**Ryan Lavarnway (Red Sox; Drafted in 2008 in the 6th round by the Red Sox) — Just debuted on the 18th of August!
Albert Pujols (Angels; Drafted in 1999 in the 13th round by the Cardinals) — Lifetime 472 HR in his Age 32 season. Has never had a season with less than 32 HR (27 this year).
Mark Trumbo (Angels; Drafted in 2004 in the 18th round by the Angels) — Only 26, the kid has posted back-to-back 29 HR seasons.
**Jonathan Singleton (Astros; Drafted in 2009 in the 8th round by the Phillies) — Has an ETA of 2013 per MLB.com and he’s from my part of town in Long Beach as well.
Ian Kinsler (Rangers; Drafted in 2003 in the 17th round by the Rangers) — Has been a 30/30 guy in 2009 and 2011.
Dan Uggla (Braves; Drafted in 2001 in the 11th round by the Diamondbacks) — biceps bigger than my head; Had five straight 30-HR seasons coming into 2012.
**Scooter Gennett (Brewers; Drafted in 2009 in the 16th round by the Brewers) — how can you not love that name? ETA 2013.
Edwin Encarnacion (Blue Jays; Drafted in 2000 in the 9th round by the Rangers) — Has he discovered something new in Toronto a la JoeyBats? 31 HR in his age 29 season after only two-20+ HR seasons in 2010 (21) and 2008 (26).
**Nick Delmonico (Orioles; Drafted in 2011 in the 6th round by the Orioles) — Not in any Top 100s that I’ve seen. ETA 2015.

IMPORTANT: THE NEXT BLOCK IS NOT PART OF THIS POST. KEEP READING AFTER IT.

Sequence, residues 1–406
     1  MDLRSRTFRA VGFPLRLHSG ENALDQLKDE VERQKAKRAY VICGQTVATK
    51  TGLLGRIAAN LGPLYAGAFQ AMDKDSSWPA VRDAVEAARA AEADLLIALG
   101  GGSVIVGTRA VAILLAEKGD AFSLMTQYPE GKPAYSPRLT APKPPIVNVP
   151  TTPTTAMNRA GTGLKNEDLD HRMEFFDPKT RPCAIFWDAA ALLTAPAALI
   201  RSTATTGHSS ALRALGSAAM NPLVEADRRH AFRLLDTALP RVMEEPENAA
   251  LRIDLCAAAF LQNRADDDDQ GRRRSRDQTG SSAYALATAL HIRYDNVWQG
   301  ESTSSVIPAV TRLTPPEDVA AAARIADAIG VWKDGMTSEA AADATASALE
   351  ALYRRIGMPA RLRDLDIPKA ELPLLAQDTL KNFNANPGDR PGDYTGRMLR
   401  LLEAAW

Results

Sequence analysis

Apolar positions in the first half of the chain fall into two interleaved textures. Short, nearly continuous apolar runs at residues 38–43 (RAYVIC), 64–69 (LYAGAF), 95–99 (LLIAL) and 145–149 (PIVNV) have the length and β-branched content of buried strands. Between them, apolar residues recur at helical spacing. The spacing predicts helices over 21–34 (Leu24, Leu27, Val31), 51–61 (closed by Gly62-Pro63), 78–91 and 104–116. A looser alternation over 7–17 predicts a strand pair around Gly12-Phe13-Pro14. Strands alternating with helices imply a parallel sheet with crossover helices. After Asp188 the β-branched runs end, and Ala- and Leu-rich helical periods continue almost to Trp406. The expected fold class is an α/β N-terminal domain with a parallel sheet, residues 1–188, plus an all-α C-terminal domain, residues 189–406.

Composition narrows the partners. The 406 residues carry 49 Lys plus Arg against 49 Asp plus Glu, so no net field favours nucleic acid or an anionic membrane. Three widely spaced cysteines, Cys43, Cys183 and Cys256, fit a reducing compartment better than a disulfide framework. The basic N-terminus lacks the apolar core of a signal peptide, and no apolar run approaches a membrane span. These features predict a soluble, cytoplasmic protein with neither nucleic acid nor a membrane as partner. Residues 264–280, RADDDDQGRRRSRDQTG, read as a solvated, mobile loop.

Ben Zobrist (Rays; Drafted in 2004 in the 6th round by the Astros) — Super utility guy that gives you double digit bombs and double digit stolen bags.
**Tyler Saladino (White Sox; Drafted for the second time in two years in 2010, drafted in the 7th round by the White Sox in ’10) — The SS prospect after the 2nd round is difficult to find, and Saladino probably isn’t even a prospect at all. I mean, he is in the White Sox’s system.
Matt Kemp — (Dodgers; Drafted in 2003 in the 6th round by the Dodgers) — A legitimate 40/40 threat when healthy
Jose Bautista (Blue Jays; Drafted in 2000 in the 20th round by the Pirates) — On his way to three straight 30-HR seasons
Josh Willingham (Twins; Drafted in 2000 in the 17th round by the Marlins) — Six 20-HR seasons, with his first 30-HR season this year
Austin Jackson (Tigers; Drafted in 2005 in the 8th round by the Yankees) — .308/.392/.897 line in 2012